''It's different in the States, it's not as much pressure,'' the Open favourite told Fairfax Media. ''I mean, when I started playing, Lindsay Davenport was No.1, there was a lot of Americans … so, for me, there wasn't that pressure. American tennis has been doing great for years and years and years, so I can't possibly put myself in Sam's shoes.''
Second-ranked Maria Sharapova can, if only because the 2004 Wimbledon champion admits it took her several years to get into a winning position again.
''It's certainly not an easy one, especially after you experience that type of success, almost floating on clouds, and you feel like you're the greatest ever,'' says Sharapova, who also won majors in 2006, 2008 and last year.
''That takes a while to get back. Everyone is different. But, from my experience, I'm not sitting here and saying, 'I won Wimbledon, the next day I won the US Open'. I was far from it. So everything is a learning experience and I'm sure it is for her as well.''
Stosur says she wants to walk out for her opening match on Monday against Kai-Chen Chang feeling relaxed but eager, knowing that she can play well and aware that she has done so at times in the past, convinced that there is no reason to think that anything but success awaits.
''I think I'm obviously a very good player and I've just got to let that happen,'' she says.
Still, 12 months ago, Stosur forecast a better outcome, only to win one less lead-in match this year than last, her preparation shortened by the ankle operation.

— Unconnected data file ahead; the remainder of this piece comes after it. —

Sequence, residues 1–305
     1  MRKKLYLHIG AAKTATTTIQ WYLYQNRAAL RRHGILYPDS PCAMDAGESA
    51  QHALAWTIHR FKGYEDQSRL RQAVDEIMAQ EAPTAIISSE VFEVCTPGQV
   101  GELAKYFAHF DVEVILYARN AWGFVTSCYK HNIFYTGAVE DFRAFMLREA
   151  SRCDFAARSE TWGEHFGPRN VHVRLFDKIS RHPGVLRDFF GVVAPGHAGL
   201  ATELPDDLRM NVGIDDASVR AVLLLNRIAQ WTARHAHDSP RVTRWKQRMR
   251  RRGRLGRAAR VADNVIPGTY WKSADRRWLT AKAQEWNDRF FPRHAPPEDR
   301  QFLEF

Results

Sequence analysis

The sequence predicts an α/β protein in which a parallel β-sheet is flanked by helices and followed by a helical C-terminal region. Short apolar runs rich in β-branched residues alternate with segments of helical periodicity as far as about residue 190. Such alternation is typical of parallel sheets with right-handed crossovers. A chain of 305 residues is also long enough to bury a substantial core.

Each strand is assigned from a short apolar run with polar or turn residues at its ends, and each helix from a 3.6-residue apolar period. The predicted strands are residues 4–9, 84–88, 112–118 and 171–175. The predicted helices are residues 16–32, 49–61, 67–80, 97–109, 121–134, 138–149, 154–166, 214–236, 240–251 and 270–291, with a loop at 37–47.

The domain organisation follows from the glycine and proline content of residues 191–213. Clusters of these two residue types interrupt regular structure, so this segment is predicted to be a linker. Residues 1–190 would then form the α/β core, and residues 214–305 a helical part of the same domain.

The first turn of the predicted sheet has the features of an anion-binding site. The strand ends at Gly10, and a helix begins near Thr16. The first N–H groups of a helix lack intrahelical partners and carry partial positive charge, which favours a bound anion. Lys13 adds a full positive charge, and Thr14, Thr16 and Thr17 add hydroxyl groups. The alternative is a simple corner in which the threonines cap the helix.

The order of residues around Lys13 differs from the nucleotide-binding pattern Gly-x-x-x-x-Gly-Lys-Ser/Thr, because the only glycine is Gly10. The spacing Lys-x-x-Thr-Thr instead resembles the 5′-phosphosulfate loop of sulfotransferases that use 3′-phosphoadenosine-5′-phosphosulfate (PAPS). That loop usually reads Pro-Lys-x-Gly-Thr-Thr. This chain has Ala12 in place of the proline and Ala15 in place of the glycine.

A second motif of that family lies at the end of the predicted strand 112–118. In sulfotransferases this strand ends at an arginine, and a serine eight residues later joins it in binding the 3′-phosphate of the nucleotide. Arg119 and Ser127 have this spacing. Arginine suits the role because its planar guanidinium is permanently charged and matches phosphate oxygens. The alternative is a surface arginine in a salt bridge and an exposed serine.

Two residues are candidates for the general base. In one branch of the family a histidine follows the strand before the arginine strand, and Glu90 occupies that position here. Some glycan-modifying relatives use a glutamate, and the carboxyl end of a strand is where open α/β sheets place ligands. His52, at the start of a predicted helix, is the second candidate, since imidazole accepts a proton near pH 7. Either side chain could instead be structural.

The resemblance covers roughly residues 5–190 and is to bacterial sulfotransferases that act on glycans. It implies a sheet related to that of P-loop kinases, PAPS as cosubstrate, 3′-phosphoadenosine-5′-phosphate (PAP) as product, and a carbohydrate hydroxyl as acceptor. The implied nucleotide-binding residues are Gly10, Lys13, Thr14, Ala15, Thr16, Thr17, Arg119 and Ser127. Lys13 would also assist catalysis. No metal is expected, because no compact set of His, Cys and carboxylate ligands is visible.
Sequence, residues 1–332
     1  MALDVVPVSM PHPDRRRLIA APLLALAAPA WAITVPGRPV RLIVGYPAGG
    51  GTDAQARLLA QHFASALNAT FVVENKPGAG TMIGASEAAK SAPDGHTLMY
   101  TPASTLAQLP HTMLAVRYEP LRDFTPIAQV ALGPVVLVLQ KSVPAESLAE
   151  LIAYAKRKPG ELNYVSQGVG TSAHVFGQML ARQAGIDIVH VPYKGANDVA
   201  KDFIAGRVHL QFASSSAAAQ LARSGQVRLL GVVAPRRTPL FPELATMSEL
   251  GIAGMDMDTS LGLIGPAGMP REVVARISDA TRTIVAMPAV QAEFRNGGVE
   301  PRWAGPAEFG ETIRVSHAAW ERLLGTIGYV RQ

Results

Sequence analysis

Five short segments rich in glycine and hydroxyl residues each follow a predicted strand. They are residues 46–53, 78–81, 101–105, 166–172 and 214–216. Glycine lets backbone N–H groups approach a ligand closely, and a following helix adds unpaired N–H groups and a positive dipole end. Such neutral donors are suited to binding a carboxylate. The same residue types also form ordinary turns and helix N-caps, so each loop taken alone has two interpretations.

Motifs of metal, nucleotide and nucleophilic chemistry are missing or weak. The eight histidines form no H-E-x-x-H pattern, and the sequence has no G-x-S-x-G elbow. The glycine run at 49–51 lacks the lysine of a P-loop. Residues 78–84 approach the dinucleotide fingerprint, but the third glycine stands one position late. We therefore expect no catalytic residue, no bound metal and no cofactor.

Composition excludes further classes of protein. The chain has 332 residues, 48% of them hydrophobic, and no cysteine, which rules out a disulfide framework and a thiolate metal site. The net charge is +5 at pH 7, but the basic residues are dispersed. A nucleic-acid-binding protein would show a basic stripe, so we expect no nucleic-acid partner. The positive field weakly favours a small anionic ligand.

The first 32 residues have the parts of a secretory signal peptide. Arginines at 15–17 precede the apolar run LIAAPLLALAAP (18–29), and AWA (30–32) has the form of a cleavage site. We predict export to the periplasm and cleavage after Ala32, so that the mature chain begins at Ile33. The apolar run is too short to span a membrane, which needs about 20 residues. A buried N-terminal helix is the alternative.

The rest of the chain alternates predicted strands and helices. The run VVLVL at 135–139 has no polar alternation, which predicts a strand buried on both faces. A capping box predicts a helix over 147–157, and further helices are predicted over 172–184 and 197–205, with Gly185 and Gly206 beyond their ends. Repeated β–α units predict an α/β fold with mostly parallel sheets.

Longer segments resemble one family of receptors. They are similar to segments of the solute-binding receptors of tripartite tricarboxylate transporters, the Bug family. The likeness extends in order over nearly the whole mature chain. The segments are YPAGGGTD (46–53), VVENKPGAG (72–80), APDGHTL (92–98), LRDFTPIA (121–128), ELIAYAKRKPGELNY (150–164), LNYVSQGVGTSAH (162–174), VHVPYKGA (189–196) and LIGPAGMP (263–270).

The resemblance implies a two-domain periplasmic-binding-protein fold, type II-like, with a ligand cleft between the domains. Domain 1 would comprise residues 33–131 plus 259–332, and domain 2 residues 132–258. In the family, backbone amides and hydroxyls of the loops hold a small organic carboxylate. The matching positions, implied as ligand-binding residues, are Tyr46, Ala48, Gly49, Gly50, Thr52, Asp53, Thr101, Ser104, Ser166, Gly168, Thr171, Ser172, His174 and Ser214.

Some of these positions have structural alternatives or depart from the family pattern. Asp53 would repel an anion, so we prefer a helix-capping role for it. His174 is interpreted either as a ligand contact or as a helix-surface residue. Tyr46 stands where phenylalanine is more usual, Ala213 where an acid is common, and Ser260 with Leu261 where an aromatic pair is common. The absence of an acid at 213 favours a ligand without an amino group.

After her first-round loss in Sydney, she spoke of feeling more comfortable and optimistic before the Open.
''Well, I'm not going to sit here and say, 'It's going to be all terrible again' but I think you go through lots of experiences and [in 2011] I had the US Open win - now I've dealt with a bit more adversity in another way with not being satisfied with the year that I've had and I think you can use that for all the motivation in the world to try and start off the year really well,'' Stosur says.
The trouble, sometimes, can be wanting it too much, wanting to play too well and when the ball does not come off the racquet quite so smoothly, or the feet are not quite moving, the tendency to overthink can creep in.
''You start to think, 'Oh, I've got to do this, I've got to do that'. Well, no, you've just got to stand up and hit the ball, really,'' Stosur says.
''There's a lot to be said for just going out there and playing and when I am playing my best you're in the zone, you're free and everything flows - and that's the ultimate feeling that you want to try and get to.''
There has been no loss of motivation since her breakthrough moment in New York - to the contrary, she believes she may be even harder on herself than before. And while she concedes that the gap between her best and worst remains too great, Stosur says there is no point expecting to play her best tennis each day and the best thing is to keep striving for improvement and consistency.
She knows, too, that she is judged by higher standards now.
''Oh, 100 per cent. I think it would be very difficult not to, no matter who you are,'' Stosur says. ''I think once you've come to that pinnacle of your sport, and winning and beating one of the greatest players ever in a grand slam final, it's pretty hard not to always think, 'OK, I was able to do that, I played great the whole two weeks, I played an unbelievable final, where's that gone?' You know you're capable of it and you want to do it every day but it's not easy.''
No, but it is all good fodder for the autobiography of the woman who was once the girl who cried all the way to that first lesson and has shed tears of joy and despair in the two decades since.
Does Stosur dare to imagine how her story might finish?
''I don't know,'' she says. ''I think you've got to wait till closer to the end of your career to end it the way you want to end it. And that's not even in sight yet. I'm not planning on going anywhere soon.''